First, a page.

APPEAL FROM THE BENTON COUNTY CIRCUIT COURT. NO. CR2012-817-1. HONORABLE ROBIN F. GREEN, JUDGE.
Heather G. Zachary, for appellant.
Dustin McDaniel, Att'y Gen., by: Jake H. Jones, Ass't Att'y Gen., for appellee.
RITA W. GRUBER, Judge.
GLOVER and WHITEAKER, JJ., agree.
RITA W. GRUBER, Judge.
Calvin Jerome Stover was convicted by a jury of possession of the controlled substance methamphetamine, felon in possession of a firearm, and simultaneous possession of drugs and firearms--for which he was sentenced to prison terms totaling forty years. He raises three points on appeal. First, he contends that the circuit court abused its discretion by failing to grant his motion for mistrial. Second, he challenges the sufficiency of the evidence to support the drug convictions. Third, he contends that the circuit court improperly allowed the introduction of certain evidence during the sentencing phase of trial. We affirm.
Sufficiency of the Evidence
The prohibition against double jeopardy requires that we review the sufficiency of evidence before we examine trial error. Powell v. State, 2013 Ark.App. 322, 427 S.W.3d 782. Stover argues on appeal that the evidence was insufficient to show that he possessed a usable quantity of methamphetamine, but he argued in his motions for directed verdict only that there was insufficient proof of his intent to possess methamphetamine. Arguments not raised at trial will not be addressed for the first time on appeal; parties are bound on appeal by the scope and nature of the arguments presented to the trial court. Abshure v. State, 79 Ark.App. 317, 87 S.W.3d 822 (2002). We will not address Stover's challenge to the sufficiency of the evidence because he has changed his argument from the one he made at trial.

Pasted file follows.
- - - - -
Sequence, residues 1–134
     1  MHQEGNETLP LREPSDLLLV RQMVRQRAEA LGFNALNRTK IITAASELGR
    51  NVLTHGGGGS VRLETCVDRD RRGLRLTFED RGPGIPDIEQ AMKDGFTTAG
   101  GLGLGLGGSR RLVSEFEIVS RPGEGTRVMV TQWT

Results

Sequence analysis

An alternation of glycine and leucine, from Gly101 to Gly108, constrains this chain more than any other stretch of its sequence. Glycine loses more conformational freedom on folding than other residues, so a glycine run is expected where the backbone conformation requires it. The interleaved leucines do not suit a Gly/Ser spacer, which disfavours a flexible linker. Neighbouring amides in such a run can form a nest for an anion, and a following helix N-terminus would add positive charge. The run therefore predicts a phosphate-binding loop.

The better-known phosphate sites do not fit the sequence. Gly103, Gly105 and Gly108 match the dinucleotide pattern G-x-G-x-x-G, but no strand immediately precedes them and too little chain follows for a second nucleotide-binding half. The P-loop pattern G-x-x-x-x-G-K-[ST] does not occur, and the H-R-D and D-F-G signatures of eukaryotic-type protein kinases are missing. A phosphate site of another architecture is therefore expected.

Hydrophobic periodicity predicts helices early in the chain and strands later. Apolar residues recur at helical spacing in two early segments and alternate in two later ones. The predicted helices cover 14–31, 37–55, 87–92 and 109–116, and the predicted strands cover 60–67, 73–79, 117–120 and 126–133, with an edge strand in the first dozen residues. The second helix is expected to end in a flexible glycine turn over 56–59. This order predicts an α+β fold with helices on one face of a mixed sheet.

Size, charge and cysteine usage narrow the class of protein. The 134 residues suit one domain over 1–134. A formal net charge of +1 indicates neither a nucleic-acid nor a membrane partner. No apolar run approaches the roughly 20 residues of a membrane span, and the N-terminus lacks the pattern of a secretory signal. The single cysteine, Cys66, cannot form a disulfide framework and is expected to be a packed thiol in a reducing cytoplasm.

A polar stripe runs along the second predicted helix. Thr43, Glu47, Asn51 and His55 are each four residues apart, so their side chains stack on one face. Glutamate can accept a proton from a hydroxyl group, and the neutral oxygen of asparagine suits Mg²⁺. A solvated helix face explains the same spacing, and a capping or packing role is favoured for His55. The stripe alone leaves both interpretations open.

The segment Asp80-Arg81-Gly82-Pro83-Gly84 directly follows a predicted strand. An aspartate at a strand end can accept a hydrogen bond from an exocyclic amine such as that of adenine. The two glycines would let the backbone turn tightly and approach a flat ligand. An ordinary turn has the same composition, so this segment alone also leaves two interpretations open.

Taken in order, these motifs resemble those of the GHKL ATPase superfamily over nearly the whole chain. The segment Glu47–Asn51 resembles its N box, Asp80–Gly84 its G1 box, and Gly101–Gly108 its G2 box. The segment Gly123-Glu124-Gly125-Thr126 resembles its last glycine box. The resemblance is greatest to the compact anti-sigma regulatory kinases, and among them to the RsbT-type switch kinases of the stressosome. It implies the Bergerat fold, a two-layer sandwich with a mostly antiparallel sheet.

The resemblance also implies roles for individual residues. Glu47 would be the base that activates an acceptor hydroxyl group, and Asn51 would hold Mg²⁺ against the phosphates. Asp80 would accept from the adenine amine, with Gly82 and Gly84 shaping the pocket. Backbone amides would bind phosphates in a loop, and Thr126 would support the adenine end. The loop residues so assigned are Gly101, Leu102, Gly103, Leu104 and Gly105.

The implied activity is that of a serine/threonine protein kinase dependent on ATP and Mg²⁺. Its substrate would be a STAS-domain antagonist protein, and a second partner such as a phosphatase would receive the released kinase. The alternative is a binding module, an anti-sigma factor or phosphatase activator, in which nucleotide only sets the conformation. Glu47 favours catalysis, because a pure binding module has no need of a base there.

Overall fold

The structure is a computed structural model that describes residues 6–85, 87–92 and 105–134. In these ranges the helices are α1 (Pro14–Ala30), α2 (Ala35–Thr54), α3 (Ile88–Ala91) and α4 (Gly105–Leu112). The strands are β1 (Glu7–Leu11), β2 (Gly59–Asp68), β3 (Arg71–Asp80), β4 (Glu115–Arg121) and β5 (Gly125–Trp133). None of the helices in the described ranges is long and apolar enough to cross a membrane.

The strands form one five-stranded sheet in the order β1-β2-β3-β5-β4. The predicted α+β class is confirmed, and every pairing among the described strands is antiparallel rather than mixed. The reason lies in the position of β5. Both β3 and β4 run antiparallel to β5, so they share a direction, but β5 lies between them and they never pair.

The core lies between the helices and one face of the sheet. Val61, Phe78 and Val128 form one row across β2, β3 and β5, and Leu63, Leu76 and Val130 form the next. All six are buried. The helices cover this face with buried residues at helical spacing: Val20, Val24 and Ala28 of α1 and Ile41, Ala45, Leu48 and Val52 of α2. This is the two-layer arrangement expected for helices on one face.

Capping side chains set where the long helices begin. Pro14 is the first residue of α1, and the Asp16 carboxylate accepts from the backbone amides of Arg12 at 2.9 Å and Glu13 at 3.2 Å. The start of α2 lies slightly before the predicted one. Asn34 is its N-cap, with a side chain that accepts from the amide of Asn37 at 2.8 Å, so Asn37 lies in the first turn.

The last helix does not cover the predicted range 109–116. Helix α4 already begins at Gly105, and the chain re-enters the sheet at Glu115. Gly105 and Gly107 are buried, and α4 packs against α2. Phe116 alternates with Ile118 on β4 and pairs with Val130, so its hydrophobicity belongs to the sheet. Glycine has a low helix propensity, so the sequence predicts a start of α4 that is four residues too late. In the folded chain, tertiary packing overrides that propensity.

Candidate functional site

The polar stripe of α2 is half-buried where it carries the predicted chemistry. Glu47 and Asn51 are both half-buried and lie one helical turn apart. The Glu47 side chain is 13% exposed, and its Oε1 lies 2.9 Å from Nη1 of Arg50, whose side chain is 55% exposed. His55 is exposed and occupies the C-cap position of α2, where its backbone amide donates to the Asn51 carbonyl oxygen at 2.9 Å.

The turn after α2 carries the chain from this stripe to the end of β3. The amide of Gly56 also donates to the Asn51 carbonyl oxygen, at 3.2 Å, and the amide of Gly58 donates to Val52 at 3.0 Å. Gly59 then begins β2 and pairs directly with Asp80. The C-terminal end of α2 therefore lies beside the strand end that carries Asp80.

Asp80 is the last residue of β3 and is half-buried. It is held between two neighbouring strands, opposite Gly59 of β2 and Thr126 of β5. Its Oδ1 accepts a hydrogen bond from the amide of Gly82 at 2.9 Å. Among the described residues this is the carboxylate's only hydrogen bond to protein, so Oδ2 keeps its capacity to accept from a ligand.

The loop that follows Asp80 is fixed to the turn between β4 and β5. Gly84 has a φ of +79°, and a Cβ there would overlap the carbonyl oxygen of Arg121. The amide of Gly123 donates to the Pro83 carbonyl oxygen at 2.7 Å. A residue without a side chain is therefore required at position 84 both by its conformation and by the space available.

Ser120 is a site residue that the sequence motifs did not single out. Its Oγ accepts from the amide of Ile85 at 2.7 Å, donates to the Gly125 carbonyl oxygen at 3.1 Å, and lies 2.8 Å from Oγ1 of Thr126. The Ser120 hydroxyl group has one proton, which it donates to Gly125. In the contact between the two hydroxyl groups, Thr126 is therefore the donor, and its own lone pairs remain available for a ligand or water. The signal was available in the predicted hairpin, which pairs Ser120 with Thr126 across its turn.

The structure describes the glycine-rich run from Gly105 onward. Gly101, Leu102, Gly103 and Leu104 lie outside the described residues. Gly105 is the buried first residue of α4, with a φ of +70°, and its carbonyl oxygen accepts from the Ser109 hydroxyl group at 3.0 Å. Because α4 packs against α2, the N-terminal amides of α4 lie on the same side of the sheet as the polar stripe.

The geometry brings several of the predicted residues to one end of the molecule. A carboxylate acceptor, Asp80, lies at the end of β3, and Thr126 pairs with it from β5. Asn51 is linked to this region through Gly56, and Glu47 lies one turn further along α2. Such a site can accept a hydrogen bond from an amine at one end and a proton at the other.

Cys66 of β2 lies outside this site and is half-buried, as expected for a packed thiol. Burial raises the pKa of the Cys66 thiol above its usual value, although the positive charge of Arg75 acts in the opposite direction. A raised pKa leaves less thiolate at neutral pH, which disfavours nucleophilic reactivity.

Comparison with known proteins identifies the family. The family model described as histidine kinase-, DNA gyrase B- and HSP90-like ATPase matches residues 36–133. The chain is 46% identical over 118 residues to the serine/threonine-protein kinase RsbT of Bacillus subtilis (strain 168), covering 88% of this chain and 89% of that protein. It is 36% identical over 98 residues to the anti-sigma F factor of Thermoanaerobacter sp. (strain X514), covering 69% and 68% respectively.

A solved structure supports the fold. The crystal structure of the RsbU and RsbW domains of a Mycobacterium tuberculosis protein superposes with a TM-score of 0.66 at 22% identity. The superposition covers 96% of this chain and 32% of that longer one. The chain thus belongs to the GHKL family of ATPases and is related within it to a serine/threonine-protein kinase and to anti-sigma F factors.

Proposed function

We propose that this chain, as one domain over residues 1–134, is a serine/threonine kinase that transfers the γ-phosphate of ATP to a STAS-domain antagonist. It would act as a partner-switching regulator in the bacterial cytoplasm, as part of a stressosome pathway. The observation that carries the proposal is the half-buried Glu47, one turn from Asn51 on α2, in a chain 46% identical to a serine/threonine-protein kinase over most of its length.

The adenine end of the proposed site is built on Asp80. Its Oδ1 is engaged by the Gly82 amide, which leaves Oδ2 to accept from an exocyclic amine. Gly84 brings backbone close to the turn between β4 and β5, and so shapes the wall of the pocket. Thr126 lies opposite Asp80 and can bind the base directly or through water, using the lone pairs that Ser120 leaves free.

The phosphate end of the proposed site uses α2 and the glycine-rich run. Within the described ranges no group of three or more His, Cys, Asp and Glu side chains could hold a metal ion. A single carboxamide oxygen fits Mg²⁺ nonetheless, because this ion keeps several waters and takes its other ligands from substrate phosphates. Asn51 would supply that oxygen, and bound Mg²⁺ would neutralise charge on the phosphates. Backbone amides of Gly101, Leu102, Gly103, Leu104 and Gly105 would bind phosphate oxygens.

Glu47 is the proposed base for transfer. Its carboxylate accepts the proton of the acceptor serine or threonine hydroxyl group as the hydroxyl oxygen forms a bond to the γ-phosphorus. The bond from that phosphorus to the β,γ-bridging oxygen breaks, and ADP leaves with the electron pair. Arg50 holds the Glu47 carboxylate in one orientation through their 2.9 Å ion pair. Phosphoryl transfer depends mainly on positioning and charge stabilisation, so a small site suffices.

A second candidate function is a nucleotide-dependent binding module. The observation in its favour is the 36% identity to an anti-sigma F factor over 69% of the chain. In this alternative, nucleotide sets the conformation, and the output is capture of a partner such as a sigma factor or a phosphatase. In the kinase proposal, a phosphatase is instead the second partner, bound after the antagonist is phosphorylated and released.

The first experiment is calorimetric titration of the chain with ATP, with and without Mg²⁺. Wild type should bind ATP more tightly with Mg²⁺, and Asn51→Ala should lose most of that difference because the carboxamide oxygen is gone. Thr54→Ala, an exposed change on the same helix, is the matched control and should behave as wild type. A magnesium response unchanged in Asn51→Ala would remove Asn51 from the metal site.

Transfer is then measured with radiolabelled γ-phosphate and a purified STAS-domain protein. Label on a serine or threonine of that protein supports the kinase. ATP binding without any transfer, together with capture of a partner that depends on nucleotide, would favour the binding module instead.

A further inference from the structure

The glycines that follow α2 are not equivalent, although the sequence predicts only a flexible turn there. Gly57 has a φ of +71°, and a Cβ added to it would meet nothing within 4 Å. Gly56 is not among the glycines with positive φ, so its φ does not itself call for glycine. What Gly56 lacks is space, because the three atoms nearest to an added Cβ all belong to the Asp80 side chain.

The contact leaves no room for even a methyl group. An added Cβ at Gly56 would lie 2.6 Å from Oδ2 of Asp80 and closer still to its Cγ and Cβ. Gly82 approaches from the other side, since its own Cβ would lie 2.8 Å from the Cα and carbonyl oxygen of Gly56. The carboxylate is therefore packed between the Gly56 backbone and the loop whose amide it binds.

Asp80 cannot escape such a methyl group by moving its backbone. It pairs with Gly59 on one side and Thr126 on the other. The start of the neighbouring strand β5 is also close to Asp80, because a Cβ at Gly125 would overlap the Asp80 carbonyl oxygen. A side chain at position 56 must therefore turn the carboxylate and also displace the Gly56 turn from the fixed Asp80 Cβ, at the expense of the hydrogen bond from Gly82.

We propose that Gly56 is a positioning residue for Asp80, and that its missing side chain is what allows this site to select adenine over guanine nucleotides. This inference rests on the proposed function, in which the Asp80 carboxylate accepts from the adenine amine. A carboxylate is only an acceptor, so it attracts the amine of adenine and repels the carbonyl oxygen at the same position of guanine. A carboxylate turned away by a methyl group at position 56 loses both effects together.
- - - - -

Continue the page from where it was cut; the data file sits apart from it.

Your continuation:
Motion for Mistrial
Stover was brought into the courtroom in street clothes and appeared before potential jurors; shortly afterward, the prosecutor observed that there was a jail ID bracelet on Stover's left wrist. The prosecutor stated in a bench conference, " [W]e may want to get that off . . . . I mean it kind of defeats the purpose . . . ." Stover immediately moved for a mistrial " based on the fact that some potential jurors have already seen him in the company of a deputy, clearly in custody, and additionally, the fact that he is still wearing his jail ID bracelet." The judge stated, " I think that historically--the defendants wear long-sleeve shirts. . . . For the record, it's a clear bracelet, but part of it is not clear. Half of it is clear and the other half indicates his identification." The court excused the two potential jurors who indicated that they had seen Stover with the deputy sheriff before court, and it called a five-minute recess so that the bracelet could be taken off. Court reconvened for voir dire after the bracelet was removed.
Stover argues on appeal that his right to a fair trial was prejudiced because he was wearing a ...